Charleston, South Carolina in 1865


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The Battle of Fort Sumter


Up | Inside View of Fort Sumter | 

Fort Sumter Looking Towards Morris Island | 

Guns of Fort Sumter | Guns of Fort Johnson | 

View of Fort Sumter from Fort Johnson | 

Channel Side of Fort Sumter | 

Ft. Sumter Civil War Battle of 1863 | 

Front of Fort Sumter, 1865 | Fort Sumter Interior, 1865 | 

Wall of Fort Sumter, 1865 | Morris Island in Civil War | 

Fort Sumter, April 14, 1865 | 

Photograph of Fort Sumter in 1865 | 

Charleston, South Carolina in 1865 | 

Raising Flag over Ft. Sumter


Charleston, South Carolina Ruins in 1865


Charleston, S.C. View of ruined buildings through porch of the Circular Church (150 Meeting Street)

1865 April.

Photographs of the Federal Navy, and seaborne expeditions against the Atlantic Coast of the Confederacy -- specifically of Charleston, S.C. 1863-1865. General Gillmore's success at Fort Pulaski earned him the conduct of a much more difficult undertaking: the reduction of the defenses of Charleston Harbor, with the aid of a squadron under Rear Adm. John A. Dahlgren. Operations began early in July 1863; by October hard work and heavy losses had reduced Fort Wagner and Battery Gregg (renamed Fort Putnam by the Federals) on Morris Island, and had silenced Fort Sumter. But no further progress was made until February 18, 1865, when Gen. William T. Sherman's approach overland broght about the evacuation of Charleston. The photographers who came to record the flag-raising ceremony at Fort Sumter on April 14, 1865, just 4 years after the surrender with which the Civil War opened, thoroughly documented the forts, Federal and Confederate, and the lovely old city, which fortunately had received only limited damage. Present-day addresses for the Charleton buildings are added when possible; the movement is in general inland from the Battery along Market Street, with excursions down side streets as they are reached, and left to the Arsenal at the then limits of town.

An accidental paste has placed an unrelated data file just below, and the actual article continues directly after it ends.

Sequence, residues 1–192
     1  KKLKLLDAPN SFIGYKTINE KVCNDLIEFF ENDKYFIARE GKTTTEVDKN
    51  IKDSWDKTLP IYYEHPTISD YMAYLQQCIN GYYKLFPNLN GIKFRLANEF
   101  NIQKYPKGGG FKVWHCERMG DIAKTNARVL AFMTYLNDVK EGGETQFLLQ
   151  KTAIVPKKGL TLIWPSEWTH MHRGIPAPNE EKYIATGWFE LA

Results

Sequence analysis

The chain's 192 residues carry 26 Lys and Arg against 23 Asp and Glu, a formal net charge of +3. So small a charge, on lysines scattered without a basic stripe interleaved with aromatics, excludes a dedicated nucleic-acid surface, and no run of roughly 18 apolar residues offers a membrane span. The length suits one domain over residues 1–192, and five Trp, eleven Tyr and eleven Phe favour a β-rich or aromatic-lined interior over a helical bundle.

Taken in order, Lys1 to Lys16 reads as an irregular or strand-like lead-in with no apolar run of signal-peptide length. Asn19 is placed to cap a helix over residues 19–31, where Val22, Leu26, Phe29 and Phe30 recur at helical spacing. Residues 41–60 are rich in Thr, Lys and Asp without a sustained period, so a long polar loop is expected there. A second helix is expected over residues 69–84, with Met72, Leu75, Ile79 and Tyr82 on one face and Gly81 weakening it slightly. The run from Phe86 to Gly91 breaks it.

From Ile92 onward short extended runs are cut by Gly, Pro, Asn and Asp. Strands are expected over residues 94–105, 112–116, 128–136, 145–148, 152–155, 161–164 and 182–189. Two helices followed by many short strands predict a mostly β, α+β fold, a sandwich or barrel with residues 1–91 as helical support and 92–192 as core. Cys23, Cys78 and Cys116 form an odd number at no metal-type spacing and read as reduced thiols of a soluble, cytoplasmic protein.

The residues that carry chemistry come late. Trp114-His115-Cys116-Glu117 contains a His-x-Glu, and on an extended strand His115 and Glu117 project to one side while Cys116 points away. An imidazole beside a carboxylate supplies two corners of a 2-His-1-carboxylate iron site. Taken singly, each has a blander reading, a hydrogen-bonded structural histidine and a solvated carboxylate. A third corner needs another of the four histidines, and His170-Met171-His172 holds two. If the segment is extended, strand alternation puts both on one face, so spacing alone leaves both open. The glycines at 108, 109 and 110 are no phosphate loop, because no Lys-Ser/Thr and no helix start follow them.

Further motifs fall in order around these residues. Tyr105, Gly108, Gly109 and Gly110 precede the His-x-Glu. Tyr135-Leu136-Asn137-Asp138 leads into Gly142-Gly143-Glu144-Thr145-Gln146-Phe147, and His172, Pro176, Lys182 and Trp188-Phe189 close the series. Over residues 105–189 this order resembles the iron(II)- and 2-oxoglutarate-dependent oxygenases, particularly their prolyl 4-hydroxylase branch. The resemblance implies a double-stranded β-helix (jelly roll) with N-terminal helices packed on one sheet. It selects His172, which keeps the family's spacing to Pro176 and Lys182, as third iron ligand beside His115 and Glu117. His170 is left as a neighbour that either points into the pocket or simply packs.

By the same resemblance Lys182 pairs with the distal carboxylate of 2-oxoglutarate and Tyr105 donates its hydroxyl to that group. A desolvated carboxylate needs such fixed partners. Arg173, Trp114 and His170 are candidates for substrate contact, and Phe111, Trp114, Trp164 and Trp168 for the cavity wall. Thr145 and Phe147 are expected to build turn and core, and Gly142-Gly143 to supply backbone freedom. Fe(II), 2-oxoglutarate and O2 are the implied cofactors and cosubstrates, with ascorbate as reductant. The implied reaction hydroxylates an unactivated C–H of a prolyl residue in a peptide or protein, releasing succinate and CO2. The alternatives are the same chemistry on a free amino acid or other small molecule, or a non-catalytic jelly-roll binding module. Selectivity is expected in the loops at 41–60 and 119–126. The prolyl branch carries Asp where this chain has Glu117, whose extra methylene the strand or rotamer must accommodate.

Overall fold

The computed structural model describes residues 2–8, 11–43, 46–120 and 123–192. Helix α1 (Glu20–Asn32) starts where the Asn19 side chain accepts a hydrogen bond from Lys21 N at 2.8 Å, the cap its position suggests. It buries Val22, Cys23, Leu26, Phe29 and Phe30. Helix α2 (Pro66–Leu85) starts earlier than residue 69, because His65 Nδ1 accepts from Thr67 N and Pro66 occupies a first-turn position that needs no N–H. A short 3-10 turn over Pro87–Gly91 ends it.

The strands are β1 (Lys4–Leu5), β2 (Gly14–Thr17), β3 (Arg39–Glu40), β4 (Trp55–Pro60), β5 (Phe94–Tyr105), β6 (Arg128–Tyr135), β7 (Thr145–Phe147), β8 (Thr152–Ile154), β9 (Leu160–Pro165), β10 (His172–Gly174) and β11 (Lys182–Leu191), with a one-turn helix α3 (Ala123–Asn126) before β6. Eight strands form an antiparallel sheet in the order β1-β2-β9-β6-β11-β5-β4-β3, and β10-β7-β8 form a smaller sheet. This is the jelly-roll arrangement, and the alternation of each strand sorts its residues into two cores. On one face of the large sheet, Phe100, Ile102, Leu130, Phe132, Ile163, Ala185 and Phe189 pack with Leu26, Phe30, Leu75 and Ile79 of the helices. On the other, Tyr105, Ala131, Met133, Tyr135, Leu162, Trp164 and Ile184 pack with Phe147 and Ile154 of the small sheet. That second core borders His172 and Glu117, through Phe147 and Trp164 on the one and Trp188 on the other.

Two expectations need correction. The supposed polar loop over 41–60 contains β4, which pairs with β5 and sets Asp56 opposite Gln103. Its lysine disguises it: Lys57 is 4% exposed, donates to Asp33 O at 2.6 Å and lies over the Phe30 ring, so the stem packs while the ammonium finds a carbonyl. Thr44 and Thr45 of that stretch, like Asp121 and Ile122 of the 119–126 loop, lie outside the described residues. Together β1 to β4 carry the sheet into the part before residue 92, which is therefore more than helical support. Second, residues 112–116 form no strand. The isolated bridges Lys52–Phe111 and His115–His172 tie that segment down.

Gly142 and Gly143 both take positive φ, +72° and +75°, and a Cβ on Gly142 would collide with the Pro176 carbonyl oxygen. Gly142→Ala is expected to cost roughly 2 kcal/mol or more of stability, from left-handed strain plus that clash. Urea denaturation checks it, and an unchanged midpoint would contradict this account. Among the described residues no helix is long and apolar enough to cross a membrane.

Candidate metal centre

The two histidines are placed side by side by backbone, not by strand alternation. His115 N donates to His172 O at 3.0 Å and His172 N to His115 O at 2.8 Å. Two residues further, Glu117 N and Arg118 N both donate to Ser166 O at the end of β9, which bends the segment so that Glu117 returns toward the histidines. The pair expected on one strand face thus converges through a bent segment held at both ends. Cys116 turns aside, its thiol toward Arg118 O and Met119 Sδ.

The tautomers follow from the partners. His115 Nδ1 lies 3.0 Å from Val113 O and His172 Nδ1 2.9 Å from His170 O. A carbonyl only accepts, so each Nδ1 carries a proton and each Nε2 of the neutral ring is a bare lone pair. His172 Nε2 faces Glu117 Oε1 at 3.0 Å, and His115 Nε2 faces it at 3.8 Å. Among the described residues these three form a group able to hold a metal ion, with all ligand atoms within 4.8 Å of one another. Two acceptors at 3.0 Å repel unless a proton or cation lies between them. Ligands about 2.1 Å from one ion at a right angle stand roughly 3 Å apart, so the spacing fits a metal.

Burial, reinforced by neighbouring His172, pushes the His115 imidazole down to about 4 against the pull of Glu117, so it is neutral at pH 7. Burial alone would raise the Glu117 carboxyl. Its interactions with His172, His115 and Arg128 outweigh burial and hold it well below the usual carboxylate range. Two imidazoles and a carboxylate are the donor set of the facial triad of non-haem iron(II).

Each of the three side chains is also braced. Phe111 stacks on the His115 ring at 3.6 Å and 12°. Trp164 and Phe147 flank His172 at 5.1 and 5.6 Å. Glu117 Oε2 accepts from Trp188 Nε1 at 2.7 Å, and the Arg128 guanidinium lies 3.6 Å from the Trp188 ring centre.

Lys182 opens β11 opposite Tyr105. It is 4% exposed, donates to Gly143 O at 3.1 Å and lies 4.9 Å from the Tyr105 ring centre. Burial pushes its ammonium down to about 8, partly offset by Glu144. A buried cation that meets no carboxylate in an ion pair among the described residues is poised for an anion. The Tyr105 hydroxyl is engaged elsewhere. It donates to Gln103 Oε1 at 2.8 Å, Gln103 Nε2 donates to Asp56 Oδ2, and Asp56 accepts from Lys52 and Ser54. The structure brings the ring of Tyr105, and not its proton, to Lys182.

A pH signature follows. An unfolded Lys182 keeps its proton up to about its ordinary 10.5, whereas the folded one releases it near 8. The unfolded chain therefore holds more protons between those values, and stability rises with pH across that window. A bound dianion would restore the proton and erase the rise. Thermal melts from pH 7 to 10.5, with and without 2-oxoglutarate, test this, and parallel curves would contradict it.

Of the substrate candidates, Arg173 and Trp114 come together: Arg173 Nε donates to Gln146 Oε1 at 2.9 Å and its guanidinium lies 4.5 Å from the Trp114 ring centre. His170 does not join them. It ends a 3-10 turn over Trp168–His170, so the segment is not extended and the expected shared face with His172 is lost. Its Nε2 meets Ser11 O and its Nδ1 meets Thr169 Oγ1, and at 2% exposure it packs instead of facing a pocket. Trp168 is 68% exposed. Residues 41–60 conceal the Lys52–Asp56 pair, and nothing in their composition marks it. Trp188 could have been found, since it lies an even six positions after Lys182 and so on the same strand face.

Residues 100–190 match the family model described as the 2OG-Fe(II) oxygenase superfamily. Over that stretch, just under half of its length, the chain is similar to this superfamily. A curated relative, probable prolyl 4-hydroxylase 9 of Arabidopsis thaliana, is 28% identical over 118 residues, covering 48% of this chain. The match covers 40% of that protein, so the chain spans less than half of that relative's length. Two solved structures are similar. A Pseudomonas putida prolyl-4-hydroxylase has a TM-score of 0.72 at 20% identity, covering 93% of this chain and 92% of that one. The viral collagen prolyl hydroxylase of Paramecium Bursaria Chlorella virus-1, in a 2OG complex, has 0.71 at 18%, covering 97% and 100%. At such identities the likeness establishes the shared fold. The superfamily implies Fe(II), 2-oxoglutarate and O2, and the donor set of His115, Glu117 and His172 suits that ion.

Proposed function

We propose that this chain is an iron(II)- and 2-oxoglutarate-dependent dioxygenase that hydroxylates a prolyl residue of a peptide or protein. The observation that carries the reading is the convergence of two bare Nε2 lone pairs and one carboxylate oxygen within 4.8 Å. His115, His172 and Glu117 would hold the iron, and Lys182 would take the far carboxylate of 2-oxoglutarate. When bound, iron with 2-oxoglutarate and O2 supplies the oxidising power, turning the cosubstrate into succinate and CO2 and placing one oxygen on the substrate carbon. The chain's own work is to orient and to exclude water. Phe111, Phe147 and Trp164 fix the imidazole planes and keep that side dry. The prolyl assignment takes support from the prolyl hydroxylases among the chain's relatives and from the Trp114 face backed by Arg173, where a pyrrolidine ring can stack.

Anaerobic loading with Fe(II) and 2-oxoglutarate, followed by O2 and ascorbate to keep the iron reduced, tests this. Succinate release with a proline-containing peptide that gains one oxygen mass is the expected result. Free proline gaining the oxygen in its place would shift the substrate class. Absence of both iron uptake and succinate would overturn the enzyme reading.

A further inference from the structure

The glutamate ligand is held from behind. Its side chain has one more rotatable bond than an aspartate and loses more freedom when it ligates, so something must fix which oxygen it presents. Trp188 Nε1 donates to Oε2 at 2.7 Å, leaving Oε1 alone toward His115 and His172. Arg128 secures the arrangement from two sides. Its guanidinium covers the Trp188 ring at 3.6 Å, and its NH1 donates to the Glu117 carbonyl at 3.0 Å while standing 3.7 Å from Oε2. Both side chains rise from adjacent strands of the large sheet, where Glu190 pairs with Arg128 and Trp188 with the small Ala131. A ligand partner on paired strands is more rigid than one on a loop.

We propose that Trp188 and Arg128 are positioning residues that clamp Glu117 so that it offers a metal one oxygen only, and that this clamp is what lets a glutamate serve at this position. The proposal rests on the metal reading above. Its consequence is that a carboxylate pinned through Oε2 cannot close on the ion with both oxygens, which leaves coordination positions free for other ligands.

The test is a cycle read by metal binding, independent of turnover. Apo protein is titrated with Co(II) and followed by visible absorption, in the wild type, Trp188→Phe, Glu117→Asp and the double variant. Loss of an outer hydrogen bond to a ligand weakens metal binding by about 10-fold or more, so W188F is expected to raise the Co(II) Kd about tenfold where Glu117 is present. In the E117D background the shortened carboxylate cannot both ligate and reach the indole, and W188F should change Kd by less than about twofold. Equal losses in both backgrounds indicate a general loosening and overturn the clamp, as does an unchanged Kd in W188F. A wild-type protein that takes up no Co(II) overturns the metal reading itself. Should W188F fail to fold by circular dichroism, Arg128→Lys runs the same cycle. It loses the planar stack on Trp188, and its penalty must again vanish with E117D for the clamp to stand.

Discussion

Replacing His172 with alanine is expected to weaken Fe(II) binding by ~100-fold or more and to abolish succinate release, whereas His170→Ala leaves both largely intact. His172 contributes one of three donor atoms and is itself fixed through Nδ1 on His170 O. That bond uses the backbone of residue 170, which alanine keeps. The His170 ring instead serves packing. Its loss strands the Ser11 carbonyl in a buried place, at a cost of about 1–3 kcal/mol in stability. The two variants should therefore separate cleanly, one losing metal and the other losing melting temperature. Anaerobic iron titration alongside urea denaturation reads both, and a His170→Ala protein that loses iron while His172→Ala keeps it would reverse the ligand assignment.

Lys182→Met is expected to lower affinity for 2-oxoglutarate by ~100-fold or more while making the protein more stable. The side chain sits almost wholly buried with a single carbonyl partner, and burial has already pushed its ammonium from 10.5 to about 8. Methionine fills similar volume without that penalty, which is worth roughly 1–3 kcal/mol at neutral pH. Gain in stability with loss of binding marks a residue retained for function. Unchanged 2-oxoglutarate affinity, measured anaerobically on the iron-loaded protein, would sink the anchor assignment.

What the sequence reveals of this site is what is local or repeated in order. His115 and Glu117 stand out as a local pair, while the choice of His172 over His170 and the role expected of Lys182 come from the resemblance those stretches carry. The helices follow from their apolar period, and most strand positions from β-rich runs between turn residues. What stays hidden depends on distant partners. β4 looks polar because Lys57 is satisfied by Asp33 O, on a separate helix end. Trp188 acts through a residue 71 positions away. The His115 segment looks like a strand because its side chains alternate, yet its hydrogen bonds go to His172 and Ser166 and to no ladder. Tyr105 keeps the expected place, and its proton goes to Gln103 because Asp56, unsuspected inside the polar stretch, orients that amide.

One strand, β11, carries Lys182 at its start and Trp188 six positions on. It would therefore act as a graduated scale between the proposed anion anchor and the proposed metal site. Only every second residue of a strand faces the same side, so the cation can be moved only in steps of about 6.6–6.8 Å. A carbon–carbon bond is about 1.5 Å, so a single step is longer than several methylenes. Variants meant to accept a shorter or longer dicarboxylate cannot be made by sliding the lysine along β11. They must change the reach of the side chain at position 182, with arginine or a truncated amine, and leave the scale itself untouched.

Reference: Civil War photographs, 1861-1865 / compiled by Hirst D. Milhollen and Donald H. Mugridge, Washington, D.C.



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